ONE EVENING, DURGAPRASAD, A CONTRACTOR from Mohgaon, came to visit Kumharra village to discuss matters with the sarpanch of the village. As he entered the village, he heard a voice resounding in the village: “Bhaat baad mein khabo, natak dekhan jabo (Have your food later, come to see the play)”; “Aao aao natak dekho…natak dekho…bin paise ka natak dekho (Come, come to watch the play…watch the play….watch.
P uzzled, he approached the sarpanch’s house. As he interacted with the man, the calls outside became louder. His curiosity got the better of him and he stopped his conversation with the sarpanch mid-way and went out to see what was happening.
Durgaprasad followed the sound and came to a well-lit verandah of the panchayat office, which was filled by community members. Seeing such a large gathering of people at such an odd time surprised Durgaprasad. Durgaprasad was stunned by what he saw. For the first time, he was witnessing a street natak (play), which engaged with the spectators and required their participation to take the play to its conclusion. The actors were not talking down to the spectators; instead, there was a dialogue with the spectators, to generate critical thinking.
Durgaprasad was stunned by what he saw. For the first time, he was witnessing a street natak (play), which engaged with the spectators and required their participation to take the play to its conclusion. The actors were not talking down to the spectators; instead, there was a dialogue with the spectators, to generate critical thinking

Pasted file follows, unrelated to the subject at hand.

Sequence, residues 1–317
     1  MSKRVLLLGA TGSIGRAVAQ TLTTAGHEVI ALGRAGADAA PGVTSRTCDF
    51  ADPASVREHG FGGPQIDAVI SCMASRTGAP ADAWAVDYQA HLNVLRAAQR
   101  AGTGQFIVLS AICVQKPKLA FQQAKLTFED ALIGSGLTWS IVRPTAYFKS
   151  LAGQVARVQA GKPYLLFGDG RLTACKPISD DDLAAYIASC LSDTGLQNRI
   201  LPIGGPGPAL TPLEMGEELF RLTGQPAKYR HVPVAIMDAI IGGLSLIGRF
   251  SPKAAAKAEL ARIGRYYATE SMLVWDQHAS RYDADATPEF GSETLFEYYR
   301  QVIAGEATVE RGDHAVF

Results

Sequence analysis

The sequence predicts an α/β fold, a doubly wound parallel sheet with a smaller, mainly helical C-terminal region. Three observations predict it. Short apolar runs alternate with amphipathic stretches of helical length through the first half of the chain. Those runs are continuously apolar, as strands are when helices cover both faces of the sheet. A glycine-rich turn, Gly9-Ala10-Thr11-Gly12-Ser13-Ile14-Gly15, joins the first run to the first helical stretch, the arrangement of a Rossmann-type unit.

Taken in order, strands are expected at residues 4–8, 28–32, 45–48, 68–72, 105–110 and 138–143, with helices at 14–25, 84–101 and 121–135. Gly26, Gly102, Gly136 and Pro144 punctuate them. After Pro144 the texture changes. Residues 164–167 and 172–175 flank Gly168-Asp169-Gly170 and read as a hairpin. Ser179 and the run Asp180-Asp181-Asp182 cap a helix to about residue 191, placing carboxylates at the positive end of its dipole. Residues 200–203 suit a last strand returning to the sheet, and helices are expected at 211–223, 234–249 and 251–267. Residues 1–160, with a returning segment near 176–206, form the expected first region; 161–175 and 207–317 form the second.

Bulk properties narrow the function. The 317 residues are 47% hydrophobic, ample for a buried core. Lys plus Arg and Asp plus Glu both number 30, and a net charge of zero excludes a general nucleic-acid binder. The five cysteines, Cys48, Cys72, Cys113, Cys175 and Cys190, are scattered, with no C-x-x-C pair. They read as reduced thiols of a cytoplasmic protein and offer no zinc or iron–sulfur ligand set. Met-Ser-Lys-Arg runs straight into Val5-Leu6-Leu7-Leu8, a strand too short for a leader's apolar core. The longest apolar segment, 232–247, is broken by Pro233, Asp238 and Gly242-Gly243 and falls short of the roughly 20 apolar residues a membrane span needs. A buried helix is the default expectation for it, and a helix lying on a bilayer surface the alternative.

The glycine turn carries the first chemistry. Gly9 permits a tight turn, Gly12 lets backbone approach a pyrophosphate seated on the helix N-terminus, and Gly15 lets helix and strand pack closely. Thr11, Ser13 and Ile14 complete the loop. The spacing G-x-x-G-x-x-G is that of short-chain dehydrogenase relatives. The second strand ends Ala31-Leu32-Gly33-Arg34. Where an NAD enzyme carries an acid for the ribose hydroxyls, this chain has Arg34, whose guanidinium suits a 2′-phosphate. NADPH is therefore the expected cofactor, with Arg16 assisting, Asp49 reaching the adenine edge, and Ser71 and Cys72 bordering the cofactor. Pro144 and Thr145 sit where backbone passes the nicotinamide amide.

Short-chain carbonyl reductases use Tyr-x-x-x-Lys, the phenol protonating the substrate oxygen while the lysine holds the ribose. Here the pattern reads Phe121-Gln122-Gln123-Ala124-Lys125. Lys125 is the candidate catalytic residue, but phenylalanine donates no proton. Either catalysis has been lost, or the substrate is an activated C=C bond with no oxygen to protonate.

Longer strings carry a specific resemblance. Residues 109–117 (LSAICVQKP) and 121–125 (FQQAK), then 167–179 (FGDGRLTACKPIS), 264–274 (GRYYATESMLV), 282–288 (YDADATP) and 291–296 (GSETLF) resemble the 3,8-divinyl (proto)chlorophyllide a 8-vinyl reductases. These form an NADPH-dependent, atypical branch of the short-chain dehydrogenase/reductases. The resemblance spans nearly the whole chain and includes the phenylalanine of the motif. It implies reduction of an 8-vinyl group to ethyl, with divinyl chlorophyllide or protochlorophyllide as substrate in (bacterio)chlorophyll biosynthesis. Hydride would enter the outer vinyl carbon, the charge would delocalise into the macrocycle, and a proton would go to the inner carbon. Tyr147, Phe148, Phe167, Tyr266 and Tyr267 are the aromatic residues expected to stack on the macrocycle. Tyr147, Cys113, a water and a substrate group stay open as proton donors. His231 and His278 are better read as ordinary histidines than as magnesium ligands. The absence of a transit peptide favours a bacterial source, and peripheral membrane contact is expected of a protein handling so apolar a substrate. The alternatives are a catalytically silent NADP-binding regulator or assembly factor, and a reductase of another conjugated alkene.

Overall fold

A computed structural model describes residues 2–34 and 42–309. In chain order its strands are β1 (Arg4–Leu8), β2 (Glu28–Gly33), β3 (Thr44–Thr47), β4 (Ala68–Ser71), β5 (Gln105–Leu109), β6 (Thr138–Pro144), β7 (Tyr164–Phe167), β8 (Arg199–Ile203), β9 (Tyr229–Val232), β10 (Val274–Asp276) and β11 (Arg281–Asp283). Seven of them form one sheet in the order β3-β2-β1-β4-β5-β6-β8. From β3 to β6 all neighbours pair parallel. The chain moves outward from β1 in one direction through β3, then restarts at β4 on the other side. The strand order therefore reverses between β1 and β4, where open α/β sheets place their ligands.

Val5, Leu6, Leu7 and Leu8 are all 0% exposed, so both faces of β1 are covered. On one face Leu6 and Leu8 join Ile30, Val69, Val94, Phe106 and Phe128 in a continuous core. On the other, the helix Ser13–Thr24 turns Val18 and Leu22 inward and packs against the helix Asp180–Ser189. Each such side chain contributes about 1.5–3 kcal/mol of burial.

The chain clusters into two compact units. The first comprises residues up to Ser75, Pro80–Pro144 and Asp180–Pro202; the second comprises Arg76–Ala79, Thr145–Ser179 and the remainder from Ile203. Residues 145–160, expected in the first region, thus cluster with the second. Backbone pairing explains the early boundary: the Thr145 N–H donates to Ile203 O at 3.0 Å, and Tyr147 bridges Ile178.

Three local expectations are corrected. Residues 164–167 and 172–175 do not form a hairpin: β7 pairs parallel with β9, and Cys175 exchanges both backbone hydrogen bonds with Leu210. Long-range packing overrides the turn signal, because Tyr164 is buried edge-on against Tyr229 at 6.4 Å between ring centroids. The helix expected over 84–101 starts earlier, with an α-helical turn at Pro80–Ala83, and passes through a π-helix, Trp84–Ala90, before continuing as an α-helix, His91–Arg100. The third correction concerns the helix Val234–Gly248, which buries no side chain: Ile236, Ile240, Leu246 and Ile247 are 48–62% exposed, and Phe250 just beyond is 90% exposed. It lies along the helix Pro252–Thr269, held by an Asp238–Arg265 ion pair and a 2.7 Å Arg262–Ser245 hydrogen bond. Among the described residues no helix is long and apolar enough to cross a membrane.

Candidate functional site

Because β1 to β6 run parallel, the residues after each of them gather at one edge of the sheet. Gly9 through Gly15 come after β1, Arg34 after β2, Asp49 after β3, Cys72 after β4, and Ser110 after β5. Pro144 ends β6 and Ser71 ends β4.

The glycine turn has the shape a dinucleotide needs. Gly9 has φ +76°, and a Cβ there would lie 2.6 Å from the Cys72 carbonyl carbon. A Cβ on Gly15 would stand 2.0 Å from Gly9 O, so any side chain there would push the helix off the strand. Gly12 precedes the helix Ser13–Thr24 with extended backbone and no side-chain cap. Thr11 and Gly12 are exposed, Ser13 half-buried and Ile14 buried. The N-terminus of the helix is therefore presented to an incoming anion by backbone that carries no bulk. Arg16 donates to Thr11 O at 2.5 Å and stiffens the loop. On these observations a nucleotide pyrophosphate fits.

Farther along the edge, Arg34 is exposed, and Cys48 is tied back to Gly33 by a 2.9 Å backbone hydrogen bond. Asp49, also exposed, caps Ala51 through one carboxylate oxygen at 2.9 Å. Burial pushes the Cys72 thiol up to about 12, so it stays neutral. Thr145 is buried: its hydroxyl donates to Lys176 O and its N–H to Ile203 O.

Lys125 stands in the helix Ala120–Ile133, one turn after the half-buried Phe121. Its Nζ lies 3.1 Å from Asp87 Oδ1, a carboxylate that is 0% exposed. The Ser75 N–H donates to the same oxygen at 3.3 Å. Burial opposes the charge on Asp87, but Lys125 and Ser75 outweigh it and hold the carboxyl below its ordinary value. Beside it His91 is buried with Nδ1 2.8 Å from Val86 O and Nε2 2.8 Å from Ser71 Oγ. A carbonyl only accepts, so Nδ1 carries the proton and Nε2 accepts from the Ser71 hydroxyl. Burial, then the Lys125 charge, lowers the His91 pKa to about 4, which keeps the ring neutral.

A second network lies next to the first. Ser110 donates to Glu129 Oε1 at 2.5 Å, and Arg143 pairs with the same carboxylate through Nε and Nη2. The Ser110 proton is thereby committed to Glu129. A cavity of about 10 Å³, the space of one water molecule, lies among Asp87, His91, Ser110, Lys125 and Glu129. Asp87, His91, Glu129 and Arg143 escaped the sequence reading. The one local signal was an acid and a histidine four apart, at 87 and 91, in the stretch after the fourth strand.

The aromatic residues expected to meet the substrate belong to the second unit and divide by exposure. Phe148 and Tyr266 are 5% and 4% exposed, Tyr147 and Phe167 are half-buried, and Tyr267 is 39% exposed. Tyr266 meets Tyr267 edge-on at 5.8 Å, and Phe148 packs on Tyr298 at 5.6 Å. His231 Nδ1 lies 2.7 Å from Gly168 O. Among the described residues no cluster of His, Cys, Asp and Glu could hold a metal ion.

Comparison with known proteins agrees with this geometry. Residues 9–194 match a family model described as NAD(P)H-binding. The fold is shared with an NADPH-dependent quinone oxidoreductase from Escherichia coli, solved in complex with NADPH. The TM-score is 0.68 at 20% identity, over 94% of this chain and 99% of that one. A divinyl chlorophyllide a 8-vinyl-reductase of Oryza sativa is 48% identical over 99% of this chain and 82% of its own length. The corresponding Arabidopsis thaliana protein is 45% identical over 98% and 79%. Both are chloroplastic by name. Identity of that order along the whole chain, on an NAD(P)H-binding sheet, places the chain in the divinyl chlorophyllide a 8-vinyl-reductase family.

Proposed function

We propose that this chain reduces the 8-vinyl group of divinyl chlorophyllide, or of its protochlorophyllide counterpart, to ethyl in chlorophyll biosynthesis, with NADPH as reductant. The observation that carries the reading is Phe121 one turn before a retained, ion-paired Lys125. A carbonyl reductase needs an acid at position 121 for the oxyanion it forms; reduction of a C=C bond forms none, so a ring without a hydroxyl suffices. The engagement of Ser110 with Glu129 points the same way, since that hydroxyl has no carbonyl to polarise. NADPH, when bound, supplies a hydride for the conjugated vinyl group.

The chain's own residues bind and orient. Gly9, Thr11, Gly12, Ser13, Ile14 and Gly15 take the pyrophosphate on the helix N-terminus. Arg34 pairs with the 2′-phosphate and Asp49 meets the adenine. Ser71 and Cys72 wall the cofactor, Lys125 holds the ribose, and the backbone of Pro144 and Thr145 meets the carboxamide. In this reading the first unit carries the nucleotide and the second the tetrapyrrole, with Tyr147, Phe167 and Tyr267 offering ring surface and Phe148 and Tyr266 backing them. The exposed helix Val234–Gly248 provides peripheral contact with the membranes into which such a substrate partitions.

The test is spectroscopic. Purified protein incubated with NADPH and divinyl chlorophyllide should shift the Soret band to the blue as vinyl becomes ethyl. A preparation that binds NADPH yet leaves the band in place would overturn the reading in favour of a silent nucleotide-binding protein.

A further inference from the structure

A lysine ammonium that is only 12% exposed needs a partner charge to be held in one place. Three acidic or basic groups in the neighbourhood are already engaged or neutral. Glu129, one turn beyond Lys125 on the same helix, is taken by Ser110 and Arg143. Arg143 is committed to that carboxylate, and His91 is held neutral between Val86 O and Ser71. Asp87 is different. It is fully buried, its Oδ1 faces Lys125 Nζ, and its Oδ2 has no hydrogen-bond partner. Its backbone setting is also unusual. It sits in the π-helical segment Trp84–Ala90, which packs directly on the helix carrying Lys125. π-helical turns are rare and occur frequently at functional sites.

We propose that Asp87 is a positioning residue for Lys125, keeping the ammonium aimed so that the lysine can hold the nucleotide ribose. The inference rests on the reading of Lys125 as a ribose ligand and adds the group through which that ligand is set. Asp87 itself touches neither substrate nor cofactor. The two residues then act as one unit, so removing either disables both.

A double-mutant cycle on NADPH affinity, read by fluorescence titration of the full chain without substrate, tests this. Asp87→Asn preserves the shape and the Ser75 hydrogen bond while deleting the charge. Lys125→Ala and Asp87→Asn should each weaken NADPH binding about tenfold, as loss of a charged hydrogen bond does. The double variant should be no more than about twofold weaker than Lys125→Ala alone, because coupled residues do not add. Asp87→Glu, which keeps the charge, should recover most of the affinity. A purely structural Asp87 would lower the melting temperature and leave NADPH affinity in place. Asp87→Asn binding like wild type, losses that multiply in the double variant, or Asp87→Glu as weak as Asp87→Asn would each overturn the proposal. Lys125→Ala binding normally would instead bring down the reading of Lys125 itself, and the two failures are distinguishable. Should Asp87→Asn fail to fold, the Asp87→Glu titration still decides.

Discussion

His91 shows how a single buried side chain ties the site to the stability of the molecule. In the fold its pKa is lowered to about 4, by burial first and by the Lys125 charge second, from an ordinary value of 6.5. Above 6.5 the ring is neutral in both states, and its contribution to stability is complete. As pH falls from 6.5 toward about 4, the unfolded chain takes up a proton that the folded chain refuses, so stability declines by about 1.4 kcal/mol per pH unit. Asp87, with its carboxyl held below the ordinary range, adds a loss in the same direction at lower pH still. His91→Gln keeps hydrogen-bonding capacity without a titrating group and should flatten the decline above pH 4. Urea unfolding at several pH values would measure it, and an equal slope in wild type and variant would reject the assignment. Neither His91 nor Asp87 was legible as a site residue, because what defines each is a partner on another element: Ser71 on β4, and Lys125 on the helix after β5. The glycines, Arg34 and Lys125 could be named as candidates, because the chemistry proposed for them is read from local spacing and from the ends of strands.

He approached one of the community members to inquire about the gathering.
“Saheb, natak dekhan aayen ne, (We’ve come to watch a play, Sir)” was the response.
His conversation was interrupted with someone calling out, “Jai Sewa, Ram Ram, Sita Ram” and the crowd of people reciprocating in similar manner.
Durgaprasad saw a young person asking the crowd, “Kya aap natak dekhan chahabo? (Do you want to watch a play?)” With this began a dialogue between him and the members of the community. A group of performers then acted out a situation where a husband abandons his wife and brings home a new partner. The performers highlighted the plight of the women and asked the community members whether or not such a situation was acceptable; and whether anyone from the community would be willing to change the situation. The community members proclaimed that the situation was, indeed, not acceptable because this was unjust for the woman (being abandoned by her husband). Some of the community members approached the stage and confronted the husband (the Oppressor).
Neeraj Joshi is an Executive in PRADAN. He is based in Mohgaon block, Mandla district, Madhya Pradesh.